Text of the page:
12 May When Infrastructure Works, We All Benefit
As we celebrate Infrastructure Week, it’s important to recognize the role that modernizing our infrastructure plays in promoting a more sustainable and resilient future. Investing in our aging infrastructure not only addresses pressing issues such as safety hazards and productivity decline, but also helps us mitigate the effects of climate change. The Bipartisan Infrastructure Law (BIL) represents a major step towards modernizing and improving infrastructure and promoting sustainable growth in the United States. This investment in our infrastructure is crucial for building a more connected, resilient and sustainable future for generations to come.
Modernizing our infrastructure not only extends its lifespan but also improves its efficiency and resilience. This year’s Infrastructure Day theme “Infrastructure Works” is particularly relevant given the importance of investing in our aging infrastructure, but also represents a significant step forward in creating jobs and promoting sustainable growth. With the historic passing of the BIL in 2021, more than $195 billion in funding has already been deployed across the nation and territories to help support this initiative.
The BIL provides funding for a range of infrastructure initiatives, including modernizing roads, bridges and public transit systems, improving access to high-speed internet in rural and low-income areas, expanding the country’s electric vehicle charging network and upgrading the country’s water infrastructure. This major piece of legislation also includes significant investments in climate resilience and mitigation, such as funding for wildfire prevention, flood protection and carbon capture technologies.
We know that modernizing our infrastructure is also crucial for promoting innovation, technological advancements and jobs creation. We have supported these efforts through our work with municipalities and public agencies in a variety of sectors, including Water and Transportation.
Here at K&A, we value the role strategic communication and public outreach plays in infrastructure modernization today, including these projects:
City of Morro Bay Water Reclamation Facility
$9.3 million was awarded to the City of Morro Bay by the U.S. Department of the Interior as part of the WaterSMART Water Recycling and Reuse grants program under the Bipartisan Infrastructure Law. The Water Reclamation Facility Program was successfully completed in 2023 and involved the replacement of the City’s existing wastewater treatment plant with an advanced water purification facility that will meet state regulations and protect the environment. The program is the largest-ever public works project in Morro Bay and will be capable of providing up to 80 percent of the City’s water needs in the future.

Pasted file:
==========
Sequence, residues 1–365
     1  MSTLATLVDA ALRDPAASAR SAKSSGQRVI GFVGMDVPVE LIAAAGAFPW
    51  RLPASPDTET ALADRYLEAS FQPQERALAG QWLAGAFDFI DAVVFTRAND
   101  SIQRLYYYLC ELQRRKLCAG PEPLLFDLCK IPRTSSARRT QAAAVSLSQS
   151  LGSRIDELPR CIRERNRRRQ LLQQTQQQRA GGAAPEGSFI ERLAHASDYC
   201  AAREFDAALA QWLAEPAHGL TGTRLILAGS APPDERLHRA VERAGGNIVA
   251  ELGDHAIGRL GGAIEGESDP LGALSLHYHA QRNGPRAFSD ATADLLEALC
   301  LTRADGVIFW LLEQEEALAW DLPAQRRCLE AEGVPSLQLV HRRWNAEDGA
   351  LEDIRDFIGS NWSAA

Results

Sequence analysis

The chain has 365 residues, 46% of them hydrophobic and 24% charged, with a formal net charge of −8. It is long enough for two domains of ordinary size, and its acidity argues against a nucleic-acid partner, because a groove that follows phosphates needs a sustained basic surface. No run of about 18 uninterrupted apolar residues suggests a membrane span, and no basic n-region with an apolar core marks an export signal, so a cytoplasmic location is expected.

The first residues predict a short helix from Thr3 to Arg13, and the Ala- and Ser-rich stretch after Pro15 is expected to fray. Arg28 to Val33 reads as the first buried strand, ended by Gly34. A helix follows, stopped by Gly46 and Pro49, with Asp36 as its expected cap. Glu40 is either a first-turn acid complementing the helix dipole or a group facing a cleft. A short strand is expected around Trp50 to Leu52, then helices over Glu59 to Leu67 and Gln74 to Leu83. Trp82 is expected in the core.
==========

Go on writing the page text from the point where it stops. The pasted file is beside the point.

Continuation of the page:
Mid-Coast Extension of the UC San Diego Blue Line Trolley
The Mid-Coast Extension of the UC San Diego Blue Line Trolley received its final environmental clearance in 2014 and began construction in 2016. The project’s budget was approximately $2.17 billion, with half of the funding provided by the San Diego region’s voter-approved half-cent sales tax for transportation improvements, TransNet, and the other half provided by the Federal Transit Administration. Construction activities began in October 2016, and the Trolley extension opened for revenue service on November 21, 2021, on time and on budget. The project’s success is a testament to the value of investing in infrastructure and the positive impacts it can have on communities. The BIL provides the opportunity to continue making investments like the Mid-Coast Trolley Extension, modernizing, and improving America’s infrastructure while promoting sustainable growth.
$30 million from the Bipartisan Infrastructure Law was committed to pursuing the 1.5 million acre-feet, off-stream water storage project in Maxwell, Calif., which will have statewide benefits for people, agriculture, and the environment. Sites Reservoir will not rely on snowmelt, but instead will capture winter runoff from uncontrolled streams below the existing reservoirs in the Sacramento Valley. Because of this, it will inherently adapt to future climate conditions and will be operated to improve water supply resilience to the predicted changes in weather. Much of the rainfall from extreme events – especially those that occur back-to-back when the ground is saturated – runs off before it can be captured for maximum environmental, urban and agricultural benefit. Once operational, Sites Reservoir will provide a resilient and reliable supply of water for California’s environment, communities and farms for generations to come.
BART Silicon Valley Phase II
The Bay Area Rapid Transit (BART) Silicon Valley Phase II project will extend BART service into downtown San Jose, terminating in Santa Clara, and add four new stations. With a total budget of approximately $9.3 billion, funding for the project comes from various sources, including federal and state grants, regional transit agencies, private investment and local sales tax measures. The project’s primary sponsor is the Santa Clara Valley Transportation Authority (VTA), with a funding commitment of $1.5 billion from local sales tax measures, including the Measure A sales tax approved by Santa Clara County voters in 2016. The project will improve transportation access throughout the region, providing a fast, reliable and sustainable transportation option for commuters, residents and visitors. The project will also create jobs and stimulate economic growth while reducing traffic congestion and air pollution. With early construction activities beginning in 2023, and major construction starting in 2025, the project is expected to be completed in 2030. The project’s success highlights the value of investing in infrastructure and the positive impacts it can have on communities.